David Jakabek on new ways that medical students get information & the role of Open Access
Students access research literature across both pre-clinical and clinical phases. In both instances, students are encouraged to consult a variety of sources, ranging from traditional textbooks to more current journal articles, with the aim of forming a solid and current knowledge base. Additionally, medical school curricula feature assignments where students are required to gain skills in searching and evaluating research literature. Since medical students encounter research output in a variety of ways, any methods which facilitate these process are encouraged.
OA allows medical students to draw on a wider array of research output than would otherwise be possible. Increasing journal numbers mean that university libraries are unable to afford subscriptions to quality indexed journals. Frequently a “perfect” article is found, only to soon realise it’s behind a paywall with no library journal subscription. The option of paying $US30-40 for access to single paper is rarely palatable for a student budget. For the same reason that OA is said to bring knowledge to developing nations, local medical students can have access to a wider array of research to incorporate into their knowledge base.
Moreover, newer developments in OA are quickly gaining momentum. Some OA resources such as Wikipedia are not completely reliable, and alternatives such as Free Open Access Meducation (FOAM) resources are gaining popularity. The fantastic and heavily-Australian contributed Life In The Fastlane has quickly become a go-to reference for up to date information into emergency medicine and critical care; in some cases it surpasses even traditional textbooks. These developments provide access to new research, or new ways of looking at existing research. Without the open access component it’s unlikely such a resource would have gained the popularity and support of senior clinicians to generate quality content.
Not only is research important for medical students as consumers, but it is also important for medical students as burgeoning clinician-researchers. The majority (if not all) medical curricula contain some research component, where students carry out and report on their own research projects. This element is only set to expand with the introduction of MD-titled masters-level medical degrees. These MD degrees have as a requirement a substantial research project. With such a growth in medical student research, there is wide scope to encourage OA publication.
Poised to take advantage of this increased research focus, the Australian Medical Student Journal is approaching its 7th volume and has utilised the OA model (though not currently with CC licenses) from its inception. The OA model has brought with it some challenges, but predominantly there is a benefit for students.
The reward for students is primarily one of access. We are a small journal and a subscription model is unlikely to be successful given the competition for library subscription fees. By being OA, our articles are able to be read worldwide, and thus student work is able to be cited and incorporated into the global scientific discussion. Our citation rate is gradually increasing over time, judging by the citations on Google Scholar, and this would not be possible without an OA model.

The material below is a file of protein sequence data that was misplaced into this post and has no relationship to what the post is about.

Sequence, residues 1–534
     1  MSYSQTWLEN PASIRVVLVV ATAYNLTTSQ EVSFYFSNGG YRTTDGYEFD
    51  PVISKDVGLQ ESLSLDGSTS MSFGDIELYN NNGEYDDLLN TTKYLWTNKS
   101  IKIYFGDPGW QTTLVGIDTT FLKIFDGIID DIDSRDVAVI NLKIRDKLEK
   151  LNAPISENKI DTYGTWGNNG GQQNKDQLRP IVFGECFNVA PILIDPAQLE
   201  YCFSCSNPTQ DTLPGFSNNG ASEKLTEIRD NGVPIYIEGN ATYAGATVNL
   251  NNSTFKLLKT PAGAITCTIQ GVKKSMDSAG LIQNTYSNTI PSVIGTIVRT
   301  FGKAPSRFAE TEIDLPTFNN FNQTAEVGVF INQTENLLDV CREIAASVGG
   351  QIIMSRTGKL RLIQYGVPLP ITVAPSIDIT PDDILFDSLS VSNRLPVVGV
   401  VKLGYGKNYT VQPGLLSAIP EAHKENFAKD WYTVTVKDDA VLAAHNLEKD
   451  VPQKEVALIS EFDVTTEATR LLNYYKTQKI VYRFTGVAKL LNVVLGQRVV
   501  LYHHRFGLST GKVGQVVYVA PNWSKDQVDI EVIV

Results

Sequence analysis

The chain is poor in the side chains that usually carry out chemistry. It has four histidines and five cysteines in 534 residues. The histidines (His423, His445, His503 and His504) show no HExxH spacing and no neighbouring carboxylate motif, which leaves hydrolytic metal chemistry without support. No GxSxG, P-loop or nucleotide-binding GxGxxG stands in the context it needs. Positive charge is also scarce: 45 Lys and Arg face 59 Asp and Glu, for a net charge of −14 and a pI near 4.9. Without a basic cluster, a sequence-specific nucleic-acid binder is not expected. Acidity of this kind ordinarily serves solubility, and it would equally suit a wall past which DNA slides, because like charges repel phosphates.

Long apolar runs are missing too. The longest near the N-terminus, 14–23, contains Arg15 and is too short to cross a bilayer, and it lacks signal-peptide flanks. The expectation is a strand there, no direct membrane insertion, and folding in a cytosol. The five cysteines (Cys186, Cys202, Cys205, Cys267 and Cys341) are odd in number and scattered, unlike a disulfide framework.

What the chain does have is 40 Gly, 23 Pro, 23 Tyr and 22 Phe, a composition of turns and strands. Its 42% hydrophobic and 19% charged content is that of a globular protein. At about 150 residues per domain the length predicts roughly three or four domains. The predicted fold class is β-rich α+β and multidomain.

In addition, the journal has adopted the OA ethos of expanding access to information by accepting papers of more specialist scientific interest. This is beneficial to students since medical student research projects are more focused on demonstrating competent and sound research design and conduct, with a lower importance of the impact of results. As such, we are able to accept publications which would be typically rejected from subscription journals due to a lack of general interest. In contrast, a subscription model would place a greater focus on selecting higher impact publications, which in turn would conflict with the primary aim of medical student research.
We do not charge article processing charges for publishing and one major difficulty for us being OA has been the absence of revenue from these (or subscriptions). At times it has been challenging to run the journal with a volunteer staff and a budget primarily derived from advertising. However, it has meant that all medical students are easily able to submit their work for consideration without additional financial burdens. Ultimately we aim to encourage research and publication, and the more barriers which we can remove, the better we will achieve this aim.
Medical students have much to gain from OA; both as authors providing access to their scientific developments to a broad audience, to readers needing to gain large amounts of current information from a wide variety of sources. By utilising OA at the Australian Medical Student Journal we hope to demonstrate the benefit of OA and encourage its uptake to future generations of our clinician-researchers.
Competing interests: David Jakabek is the Editor in Chief of the Australian Medical Student Journal
About the author: David is currently a final-year medical student at the University of Wollongong